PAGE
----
Historical Map Digitizing
A basic task of Historical GIS is converting archival paper maps into dynamic, electronic formats. Once researchers have located historical maps of interest to them, we can assist in this conversion. Digitizing normally consists of four distinct steps:
Scan or photograph paper maps to create electronic image files, typically .tif, .jpg, or .gif. This step creates pictures of the original maps that can be used for PowerPoint presentations, web sites, or print publication.
Georectify the scanned image to align the map with a geographical projection. Georectification is sometimes call “rubber sheeting,” because the process stretches the flat map to conform to the curved surface of the earth, as if it were printed on a sheet of rubber. This step tells the computer where in the world a map is. Most (though not all) historical maps can be georectified. To do so it must be possible to identify recognizable locations on the map. Typical examples include political boundaries (state, province, county, or city boundaries), street or river intersections, identifiable buildings, or marked latitude/longitude coordinates. Georectification makes it possible to import your archival map into a spatial analysis program like a GIS or GoogleEarth.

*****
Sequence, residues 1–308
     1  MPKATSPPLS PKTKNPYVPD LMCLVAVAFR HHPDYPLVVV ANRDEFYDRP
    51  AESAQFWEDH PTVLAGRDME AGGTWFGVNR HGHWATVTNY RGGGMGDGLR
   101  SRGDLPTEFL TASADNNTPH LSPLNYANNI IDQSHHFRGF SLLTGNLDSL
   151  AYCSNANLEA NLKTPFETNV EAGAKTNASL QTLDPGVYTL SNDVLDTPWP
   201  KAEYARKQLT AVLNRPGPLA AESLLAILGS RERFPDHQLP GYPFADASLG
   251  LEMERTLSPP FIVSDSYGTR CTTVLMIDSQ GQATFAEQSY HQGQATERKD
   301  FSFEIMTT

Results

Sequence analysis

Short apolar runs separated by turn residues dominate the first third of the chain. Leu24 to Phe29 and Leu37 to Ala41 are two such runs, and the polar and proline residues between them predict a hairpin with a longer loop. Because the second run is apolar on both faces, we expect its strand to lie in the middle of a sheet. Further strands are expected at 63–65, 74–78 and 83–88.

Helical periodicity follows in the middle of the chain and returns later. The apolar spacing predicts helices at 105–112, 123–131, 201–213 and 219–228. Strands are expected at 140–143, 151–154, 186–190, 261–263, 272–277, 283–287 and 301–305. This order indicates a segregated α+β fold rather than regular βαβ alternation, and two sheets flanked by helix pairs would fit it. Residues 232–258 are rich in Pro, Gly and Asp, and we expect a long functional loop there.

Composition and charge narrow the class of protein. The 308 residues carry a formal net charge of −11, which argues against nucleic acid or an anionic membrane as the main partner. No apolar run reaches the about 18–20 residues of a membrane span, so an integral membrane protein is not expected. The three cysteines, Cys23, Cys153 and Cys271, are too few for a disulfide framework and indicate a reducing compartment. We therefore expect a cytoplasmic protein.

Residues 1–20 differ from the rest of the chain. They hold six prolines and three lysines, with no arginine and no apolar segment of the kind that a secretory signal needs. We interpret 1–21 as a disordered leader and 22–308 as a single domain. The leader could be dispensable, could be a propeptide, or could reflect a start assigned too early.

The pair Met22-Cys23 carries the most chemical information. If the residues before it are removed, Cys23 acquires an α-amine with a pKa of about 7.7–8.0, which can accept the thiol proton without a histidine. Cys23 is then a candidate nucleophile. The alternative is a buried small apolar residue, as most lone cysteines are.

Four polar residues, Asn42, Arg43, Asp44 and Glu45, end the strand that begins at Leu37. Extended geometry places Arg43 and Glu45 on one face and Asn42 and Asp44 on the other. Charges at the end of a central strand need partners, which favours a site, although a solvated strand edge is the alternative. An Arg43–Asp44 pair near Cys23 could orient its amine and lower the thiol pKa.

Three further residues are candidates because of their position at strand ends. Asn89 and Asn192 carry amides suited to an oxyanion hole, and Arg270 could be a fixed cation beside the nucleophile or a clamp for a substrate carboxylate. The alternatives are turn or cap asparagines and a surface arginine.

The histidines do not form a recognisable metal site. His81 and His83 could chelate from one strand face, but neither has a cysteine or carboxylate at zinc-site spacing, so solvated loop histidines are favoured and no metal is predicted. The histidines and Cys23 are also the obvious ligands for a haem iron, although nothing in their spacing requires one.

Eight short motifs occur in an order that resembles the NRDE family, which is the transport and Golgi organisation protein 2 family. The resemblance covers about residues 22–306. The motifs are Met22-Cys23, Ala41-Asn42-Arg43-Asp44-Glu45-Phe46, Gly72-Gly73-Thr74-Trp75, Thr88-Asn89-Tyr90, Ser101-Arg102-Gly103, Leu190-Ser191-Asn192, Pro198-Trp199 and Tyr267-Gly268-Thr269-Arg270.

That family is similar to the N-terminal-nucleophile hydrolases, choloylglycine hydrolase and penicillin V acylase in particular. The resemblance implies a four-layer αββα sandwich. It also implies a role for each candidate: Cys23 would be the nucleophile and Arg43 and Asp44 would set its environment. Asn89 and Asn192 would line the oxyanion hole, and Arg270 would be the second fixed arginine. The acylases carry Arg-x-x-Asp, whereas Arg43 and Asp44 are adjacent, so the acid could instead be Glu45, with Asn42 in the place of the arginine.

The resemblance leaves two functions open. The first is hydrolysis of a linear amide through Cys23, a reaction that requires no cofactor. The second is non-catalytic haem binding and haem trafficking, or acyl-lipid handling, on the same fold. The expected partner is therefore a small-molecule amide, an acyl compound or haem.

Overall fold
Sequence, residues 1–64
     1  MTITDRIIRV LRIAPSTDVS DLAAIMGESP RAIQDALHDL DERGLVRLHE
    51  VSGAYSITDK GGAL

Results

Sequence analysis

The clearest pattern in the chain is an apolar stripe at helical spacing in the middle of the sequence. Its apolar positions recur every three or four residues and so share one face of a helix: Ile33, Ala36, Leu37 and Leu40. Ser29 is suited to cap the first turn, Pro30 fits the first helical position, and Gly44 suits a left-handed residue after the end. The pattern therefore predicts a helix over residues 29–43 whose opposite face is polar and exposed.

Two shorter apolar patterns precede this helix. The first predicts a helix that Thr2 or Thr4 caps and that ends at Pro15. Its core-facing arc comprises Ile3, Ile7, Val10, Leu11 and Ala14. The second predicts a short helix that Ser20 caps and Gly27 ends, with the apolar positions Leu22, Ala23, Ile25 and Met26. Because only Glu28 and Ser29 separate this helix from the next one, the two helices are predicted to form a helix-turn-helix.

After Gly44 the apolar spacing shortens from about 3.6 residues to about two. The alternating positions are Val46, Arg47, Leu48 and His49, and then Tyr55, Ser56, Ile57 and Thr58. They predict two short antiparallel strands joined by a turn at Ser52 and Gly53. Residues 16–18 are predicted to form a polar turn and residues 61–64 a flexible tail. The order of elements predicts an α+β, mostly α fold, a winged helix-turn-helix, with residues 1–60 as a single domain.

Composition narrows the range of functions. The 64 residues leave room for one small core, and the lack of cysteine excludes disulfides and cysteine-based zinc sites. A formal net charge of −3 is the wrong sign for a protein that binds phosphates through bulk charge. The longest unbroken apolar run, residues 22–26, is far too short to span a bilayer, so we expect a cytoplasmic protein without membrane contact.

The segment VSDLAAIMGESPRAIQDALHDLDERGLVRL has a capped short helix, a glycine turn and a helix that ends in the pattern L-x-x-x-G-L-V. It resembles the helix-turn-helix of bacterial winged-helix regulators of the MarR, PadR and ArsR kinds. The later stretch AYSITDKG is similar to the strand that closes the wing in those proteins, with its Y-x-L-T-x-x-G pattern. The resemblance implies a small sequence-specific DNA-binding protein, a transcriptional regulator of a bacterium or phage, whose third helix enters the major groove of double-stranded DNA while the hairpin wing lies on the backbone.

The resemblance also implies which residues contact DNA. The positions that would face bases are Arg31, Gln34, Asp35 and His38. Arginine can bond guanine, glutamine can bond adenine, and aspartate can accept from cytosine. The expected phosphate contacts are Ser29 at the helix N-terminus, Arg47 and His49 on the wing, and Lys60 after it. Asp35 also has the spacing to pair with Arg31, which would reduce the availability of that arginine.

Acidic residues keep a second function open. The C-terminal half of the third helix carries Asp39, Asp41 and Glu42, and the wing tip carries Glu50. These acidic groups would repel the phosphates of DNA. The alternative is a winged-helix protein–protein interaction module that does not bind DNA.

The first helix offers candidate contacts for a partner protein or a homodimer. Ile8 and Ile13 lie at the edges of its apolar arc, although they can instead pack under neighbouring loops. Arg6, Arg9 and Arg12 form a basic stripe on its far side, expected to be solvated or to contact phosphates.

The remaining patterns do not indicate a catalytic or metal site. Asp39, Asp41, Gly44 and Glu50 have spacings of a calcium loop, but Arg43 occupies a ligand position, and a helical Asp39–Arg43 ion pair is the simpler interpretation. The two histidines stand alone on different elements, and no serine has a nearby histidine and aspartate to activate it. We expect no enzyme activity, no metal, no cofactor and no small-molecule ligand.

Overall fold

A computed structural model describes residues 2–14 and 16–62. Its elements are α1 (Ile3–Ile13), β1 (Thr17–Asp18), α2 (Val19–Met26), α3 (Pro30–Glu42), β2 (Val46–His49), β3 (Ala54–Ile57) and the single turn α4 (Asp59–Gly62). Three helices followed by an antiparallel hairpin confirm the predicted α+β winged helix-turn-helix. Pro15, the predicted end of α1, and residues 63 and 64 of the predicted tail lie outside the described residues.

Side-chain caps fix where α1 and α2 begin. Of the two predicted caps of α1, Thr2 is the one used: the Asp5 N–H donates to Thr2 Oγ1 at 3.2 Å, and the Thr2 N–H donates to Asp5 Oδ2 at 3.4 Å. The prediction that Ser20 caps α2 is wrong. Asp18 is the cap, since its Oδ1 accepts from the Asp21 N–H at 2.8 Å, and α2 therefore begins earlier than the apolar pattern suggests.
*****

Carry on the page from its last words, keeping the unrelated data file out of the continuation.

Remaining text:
Digitizing map features is often the most time- and labor-intensive part of an HGIS project. In this step technicians pull georectified map images up on a computer screen, then use a mouse to trace features from the original map, including points, lines, and polygons. Typically map features are grouped into coherent layers. For example, all streets in one layer, buildings in another, land cover in a third, and rivers in a fourth. This process of grouping map features into layers helps later with map disaggregation and overlay with other maps. An important component of a digitizing project is “topological integrity.” The computer needs to know not only the shape and location of a map feature, but also its relationship to all other map features, especially characteristics such as adjacency. When this step is finished the historical map can be fully integrated into a GIS, compared to and combined with other digitized historical maps, and disaggregated for analysis.
Adding attributes to map features is sometimes a separate step, but often occurs alongside digitizing. This process creates a spreadsheet-like table of data linked to the electronic map. The ability to analyze attributes is often the justification for all of this work. In this task we “teach” the computer not only the shape, location, and spatial relationships of each map feature, but also interesting attribute information about that feature. First we digitize the shape of all electoral districts, for example, then we add attributes about election results in each district.